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Altering Language of Job Descriptions May Not Help Address Diversity Issues

Gender-neutral job postings have little impact on pool of applicants

by Institute for Operations Research and the Management Sciences
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BALTIMORE, MD — It looks like the “best practice” of removing gendered language from job listings may simply have been a “best guess” by managers seeking to increase diversity of applicant pools for their organizations. New research in the INFORMS journal Management Science finds that tweaking the language of job postings to make them more gender-neutral has negligible practical effects on men’s and women’s likelihood of applying for jobs.

Managers have believed, based on past research and opinions, that carefully removing language that has masculine or feminine connotations from job listings should help increase the gender diversity of the applicant pool. The study, “The Gendering of Job Postings in the Online Recruitment Process,” finds that gendered language has little effect on applicant behavior.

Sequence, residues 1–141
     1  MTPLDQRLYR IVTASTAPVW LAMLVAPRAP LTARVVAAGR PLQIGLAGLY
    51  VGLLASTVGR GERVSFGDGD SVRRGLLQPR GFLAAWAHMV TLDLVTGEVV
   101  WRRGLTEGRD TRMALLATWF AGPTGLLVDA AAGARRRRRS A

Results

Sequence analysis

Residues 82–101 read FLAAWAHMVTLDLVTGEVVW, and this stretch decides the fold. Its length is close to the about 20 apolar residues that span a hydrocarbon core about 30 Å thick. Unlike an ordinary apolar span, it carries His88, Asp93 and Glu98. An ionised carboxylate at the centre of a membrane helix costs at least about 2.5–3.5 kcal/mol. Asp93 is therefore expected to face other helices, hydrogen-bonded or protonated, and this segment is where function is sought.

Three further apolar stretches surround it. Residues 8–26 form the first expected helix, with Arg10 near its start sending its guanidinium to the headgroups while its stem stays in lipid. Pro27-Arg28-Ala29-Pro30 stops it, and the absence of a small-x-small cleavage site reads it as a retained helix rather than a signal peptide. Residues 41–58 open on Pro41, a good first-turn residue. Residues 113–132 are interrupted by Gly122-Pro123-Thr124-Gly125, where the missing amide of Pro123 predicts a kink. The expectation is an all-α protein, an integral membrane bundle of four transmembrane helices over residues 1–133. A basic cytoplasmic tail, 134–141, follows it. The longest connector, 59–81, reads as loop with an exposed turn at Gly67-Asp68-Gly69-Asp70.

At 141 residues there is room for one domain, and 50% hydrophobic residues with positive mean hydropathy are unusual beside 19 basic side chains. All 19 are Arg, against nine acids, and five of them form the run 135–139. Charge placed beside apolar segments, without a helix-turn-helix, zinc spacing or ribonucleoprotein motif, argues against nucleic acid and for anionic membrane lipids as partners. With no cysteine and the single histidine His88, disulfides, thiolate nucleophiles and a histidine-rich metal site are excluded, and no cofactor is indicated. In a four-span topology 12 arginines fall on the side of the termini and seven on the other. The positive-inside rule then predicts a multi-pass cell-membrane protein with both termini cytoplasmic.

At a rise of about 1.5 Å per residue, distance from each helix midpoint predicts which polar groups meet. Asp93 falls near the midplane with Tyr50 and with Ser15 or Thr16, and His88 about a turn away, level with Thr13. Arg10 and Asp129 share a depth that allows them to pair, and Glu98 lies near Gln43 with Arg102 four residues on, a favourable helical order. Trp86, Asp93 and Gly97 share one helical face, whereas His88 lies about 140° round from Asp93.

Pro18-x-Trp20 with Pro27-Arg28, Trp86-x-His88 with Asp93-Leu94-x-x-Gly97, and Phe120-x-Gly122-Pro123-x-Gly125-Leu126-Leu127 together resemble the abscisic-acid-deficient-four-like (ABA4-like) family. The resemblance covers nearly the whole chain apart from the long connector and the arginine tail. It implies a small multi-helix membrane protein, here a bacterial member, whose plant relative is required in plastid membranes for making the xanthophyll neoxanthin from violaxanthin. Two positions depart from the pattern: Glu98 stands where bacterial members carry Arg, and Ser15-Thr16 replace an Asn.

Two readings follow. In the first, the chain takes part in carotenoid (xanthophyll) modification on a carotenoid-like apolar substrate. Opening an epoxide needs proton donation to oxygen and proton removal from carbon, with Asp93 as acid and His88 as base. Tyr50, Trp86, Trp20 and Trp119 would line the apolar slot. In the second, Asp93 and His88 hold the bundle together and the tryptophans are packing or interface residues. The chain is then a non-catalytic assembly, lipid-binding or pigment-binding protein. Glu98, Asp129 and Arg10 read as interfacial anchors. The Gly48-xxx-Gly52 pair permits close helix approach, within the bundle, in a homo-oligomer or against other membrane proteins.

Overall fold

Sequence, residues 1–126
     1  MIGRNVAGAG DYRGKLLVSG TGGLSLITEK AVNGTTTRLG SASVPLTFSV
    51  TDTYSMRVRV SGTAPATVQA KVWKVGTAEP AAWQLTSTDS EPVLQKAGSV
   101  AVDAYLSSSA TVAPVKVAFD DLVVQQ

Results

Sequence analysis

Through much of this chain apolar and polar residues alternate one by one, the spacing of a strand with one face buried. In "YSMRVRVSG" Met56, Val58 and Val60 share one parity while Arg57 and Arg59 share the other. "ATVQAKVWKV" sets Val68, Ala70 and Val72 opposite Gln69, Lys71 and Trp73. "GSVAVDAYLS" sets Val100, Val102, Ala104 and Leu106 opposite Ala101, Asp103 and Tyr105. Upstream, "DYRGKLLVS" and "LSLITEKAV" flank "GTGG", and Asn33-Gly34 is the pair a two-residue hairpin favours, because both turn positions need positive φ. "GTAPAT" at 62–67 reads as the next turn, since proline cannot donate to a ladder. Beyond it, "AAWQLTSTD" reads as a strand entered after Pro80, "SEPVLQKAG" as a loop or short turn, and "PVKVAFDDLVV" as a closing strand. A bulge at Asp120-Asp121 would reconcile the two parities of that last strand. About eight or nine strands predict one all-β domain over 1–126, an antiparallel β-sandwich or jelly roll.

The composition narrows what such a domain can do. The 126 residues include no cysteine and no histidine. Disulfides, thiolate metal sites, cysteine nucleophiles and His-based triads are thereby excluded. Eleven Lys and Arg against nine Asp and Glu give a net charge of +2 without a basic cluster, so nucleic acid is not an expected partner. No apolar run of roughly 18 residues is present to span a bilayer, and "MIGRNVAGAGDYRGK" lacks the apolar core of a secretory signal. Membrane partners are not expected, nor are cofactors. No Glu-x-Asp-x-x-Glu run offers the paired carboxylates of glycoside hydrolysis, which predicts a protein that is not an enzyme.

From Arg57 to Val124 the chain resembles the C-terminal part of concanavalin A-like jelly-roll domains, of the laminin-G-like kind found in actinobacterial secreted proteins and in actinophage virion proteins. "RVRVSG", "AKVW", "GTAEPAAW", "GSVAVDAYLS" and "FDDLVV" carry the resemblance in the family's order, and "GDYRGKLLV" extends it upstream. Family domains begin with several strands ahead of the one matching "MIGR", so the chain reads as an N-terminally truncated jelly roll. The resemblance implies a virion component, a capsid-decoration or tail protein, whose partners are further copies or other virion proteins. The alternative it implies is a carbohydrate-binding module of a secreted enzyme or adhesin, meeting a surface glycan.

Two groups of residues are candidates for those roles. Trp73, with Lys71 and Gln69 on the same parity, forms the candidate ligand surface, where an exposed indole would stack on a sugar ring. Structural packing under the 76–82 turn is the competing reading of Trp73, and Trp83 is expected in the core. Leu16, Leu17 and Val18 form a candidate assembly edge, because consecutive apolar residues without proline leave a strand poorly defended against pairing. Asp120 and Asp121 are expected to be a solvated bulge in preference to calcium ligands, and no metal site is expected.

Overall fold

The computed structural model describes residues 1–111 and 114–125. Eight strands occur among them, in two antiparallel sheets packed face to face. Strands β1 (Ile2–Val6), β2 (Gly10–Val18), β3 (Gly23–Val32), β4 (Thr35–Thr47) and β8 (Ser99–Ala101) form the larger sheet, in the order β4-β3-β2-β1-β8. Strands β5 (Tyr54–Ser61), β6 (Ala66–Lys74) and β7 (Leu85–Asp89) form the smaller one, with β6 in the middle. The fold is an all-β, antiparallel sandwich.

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“This result was unexpected and has great practical relevance to executives and managers involved in recruiting talent,” says Emilio J. Castilla of MIT.

Castilla, alongside co-author Hye Jin Rho of Michigan State University, says several technology recruitment companies claim that their “inclusive writing platforms” help employers “debias” job ads and attract a diverse pool of candidates. As a result, many employers and their human resources (HR) professionals have put significant efforts into crafting job ads and recruiting messages to appeal equally to women and men. 

“Our findings reveal that both the language used when posting jobs and gender of the recruiters have no effects that matter in practice on how women and men behave during recruitment,” says Castilla, a professor in the Sloan School of Management at MIT. “Trying to ‘degender’ job listing language may not have the effect employers hope for. We caution that the practice of simply altering the language of job descriptions may not necessarily help organizations address diversity issues,” concludes Castilla.

- This press release was originally published on the Institute for Operations Research and the Management Sciences website